As with many of Weihenmayer’s accomplishments, which include kayaking the Grand Canyon and completing the eight-day adventure race Primal Quest, climbing Mount Everest was as much a journey of the mind as it was the body. “Each day the mountain beats you down and you think, ‘I can’t do this if it gets any harder,’ and yet you know, of course, that it’s going to get much harder,” he remembers. “You have to discipline your mind so that as you move forward, moment by moment, you are not catastrophizing or checking out mentally because that can mean your last step. The fear is always present, but I try to channel it into focus and awareness. That only happens through lots of practice. You never know you’re going to reach the top until you do.”

But as the Sherpas say, even when you reach the top you’re really only halfway there. You still need to make it down safely, which is when most accidents happen because climbers tend to be less vigilant. The true summit, Weihenmayer says, is when you’re able to take the lessons you learned from the mountain and apply them to your life and share them with your family and community.

For Weihenmayer, the biggest lesson learned from climbing Mount Everest was what can be accomplished with a great team. “We had a lot of critics say that I’d cause a huge disaster up on the mountain,” he says. “Instead, 19 out of 21 of our climbers reached the top.”

In 2005, Weihenmayer co-founded the organization No Barriers to help share this lesson. Inspired by a climb he took with Mark Wellmen—the first paraplegic to climb El Capitan in Yosemite National Park—and Hugh Herr—an engineer and double-leg amputee who built his own bionic limbs—he wondered how the three of them, who’d all accomplished a great deal despite adversity, could come together and help others push past their barriers. A decade later, the organization is leading transformative expeditions and adventures around the world with veterans, youth and people with mental and physical challenges.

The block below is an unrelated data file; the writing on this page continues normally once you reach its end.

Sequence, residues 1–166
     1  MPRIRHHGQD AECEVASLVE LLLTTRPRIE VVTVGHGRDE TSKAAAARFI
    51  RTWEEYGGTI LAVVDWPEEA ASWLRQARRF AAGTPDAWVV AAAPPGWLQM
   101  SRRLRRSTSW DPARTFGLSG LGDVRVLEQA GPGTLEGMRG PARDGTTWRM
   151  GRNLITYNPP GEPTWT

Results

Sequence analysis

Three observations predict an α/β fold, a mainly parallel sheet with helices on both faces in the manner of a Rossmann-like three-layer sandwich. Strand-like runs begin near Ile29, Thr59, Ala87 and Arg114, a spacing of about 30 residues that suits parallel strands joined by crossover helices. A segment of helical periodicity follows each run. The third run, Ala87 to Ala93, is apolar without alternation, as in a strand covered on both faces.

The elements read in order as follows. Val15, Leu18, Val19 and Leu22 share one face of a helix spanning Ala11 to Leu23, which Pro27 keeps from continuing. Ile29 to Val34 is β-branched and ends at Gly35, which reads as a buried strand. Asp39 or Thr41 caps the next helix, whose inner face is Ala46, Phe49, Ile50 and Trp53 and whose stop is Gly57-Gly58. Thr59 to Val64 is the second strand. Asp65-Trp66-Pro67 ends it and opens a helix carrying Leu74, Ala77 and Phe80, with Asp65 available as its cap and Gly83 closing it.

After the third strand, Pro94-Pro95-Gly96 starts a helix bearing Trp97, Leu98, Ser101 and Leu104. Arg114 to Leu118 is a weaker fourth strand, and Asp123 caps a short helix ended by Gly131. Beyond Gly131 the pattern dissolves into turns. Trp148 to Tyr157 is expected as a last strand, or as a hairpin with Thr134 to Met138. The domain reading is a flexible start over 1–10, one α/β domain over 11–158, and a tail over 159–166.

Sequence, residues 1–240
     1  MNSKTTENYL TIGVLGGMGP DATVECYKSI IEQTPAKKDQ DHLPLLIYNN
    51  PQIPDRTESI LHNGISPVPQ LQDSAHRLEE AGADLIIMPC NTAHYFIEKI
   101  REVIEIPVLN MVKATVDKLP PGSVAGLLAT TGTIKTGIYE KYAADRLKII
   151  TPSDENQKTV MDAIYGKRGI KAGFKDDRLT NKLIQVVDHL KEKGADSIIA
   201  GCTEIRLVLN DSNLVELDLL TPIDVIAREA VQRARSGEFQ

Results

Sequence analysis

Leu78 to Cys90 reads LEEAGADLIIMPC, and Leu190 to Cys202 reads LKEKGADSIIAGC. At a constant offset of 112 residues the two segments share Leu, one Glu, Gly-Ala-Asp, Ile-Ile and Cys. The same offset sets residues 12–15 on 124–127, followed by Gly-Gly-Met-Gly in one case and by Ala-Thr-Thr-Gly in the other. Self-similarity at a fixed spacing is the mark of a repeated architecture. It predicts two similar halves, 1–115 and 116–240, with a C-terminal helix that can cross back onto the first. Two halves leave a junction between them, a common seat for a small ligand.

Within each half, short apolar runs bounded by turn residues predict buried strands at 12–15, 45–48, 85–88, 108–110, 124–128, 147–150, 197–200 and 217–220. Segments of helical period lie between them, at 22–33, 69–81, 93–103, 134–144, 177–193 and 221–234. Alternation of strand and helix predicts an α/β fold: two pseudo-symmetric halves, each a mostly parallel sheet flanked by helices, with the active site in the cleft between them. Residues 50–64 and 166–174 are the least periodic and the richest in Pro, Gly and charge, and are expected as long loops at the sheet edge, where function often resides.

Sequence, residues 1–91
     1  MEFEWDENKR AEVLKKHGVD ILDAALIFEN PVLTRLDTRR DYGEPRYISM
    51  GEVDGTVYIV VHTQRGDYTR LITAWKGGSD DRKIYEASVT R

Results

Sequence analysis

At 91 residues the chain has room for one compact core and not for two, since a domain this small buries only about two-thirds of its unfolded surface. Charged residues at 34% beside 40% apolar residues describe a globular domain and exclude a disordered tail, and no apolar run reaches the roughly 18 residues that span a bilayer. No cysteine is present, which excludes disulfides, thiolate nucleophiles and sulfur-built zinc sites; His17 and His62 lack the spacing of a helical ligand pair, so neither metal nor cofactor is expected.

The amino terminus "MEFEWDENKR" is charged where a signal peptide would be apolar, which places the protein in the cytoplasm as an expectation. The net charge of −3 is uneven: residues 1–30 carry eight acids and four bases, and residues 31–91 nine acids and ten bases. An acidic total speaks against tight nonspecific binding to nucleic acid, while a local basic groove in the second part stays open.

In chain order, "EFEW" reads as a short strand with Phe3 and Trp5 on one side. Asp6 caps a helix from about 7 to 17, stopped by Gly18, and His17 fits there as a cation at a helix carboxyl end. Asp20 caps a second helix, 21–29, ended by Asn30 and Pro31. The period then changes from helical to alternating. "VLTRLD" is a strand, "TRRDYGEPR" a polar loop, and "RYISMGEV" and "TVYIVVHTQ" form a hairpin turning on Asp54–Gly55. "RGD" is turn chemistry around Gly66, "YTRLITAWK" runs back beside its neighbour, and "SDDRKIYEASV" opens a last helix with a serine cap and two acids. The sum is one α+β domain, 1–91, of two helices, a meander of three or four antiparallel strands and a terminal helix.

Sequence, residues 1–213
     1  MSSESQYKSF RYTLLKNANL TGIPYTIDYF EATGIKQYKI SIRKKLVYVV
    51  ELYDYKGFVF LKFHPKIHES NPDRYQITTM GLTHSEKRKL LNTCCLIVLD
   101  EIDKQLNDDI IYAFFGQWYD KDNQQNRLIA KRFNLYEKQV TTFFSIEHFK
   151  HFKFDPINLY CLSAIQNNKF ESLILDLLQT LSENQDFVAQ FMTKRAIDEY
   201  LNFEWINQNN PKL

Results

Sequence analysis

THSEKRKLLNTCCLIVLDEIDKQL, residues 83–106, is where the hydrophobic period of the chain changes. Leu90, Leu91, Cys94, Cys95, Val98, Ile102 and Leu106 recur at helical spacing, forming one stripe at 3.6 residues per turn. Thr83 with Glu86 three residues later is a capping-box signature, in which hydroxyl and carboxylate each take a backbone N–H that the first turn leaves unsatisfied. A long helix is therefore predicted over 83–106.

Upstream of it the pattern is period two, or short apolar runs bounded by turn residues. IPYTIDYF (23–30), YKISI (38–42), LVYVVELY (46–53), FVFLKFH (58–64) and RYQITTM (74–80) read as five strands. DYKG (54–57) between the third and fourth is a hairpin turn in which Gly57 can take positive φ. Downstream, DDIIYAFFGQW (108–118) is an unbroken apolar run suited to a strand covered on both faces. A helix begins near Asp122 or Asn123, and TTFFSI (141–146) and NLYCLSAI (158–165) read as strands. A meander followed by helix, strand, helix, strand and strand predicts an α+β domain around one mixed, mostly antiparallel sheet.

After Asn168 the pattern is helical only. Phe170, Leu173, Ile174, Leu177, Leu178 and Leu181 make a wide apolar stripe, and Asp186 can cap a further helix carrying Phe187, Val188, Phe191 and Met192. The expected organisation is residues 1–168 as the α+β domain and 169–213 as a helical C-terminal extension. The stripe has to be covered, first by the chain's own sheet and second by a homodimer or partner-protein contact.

Weihenmayer is currently working on his third book, which explores the No Barriers message of “What’s within us is stronger than what’s in our way,” and examines the life lessons and people who have taught him how to keep moving forward. “People think I’m an anomaly, that ‘inspirational blind guy,’ but I’m just a normal person,” he says. “To separate yourself from me is to separate yourself from your own obligation to live a life of purpose. I want to help people discover how to do that, to find the light within themselves.”

Learn more about No Barriers and take a pledge to face your own challenge at their website

Looking for more inspiration? Learn about how these “Agents of Change” are making the world a better place.


Adam Garone: From Fashion Statement to Raising Awareness

Agents of change. The advocates. The dreamers. Those who make it happen. Who raise our awareness. Who save our lives. These are the voices we celebrate. We celebrate Adam Garone.

In 2003, Adam Garone, his brother, and two friends grew moustaches as a social experiment to see if they could bring it back into fashion during the month of November. The following year, they met up to discuss what the experience meant for them on a personal level and how changing their appearance generated conversation. Inspired by the work women were doing to raise awareness for breast cancer, they decided to grow moustaches again, though this time to raise awareness and money for prostate cancer. Over a decade later, the Movember Foundation has grown to over 5 million participants worldwide and raised more than $650 million dollars to fund research and support programs in four key areas, including prostate cancer, testicular cancer, poor mental health, and physical inactivity. Garone tells us about his journey toward advocacy work and how the Movember Foundation is helping to save lives by changing the way we talk about men’s health.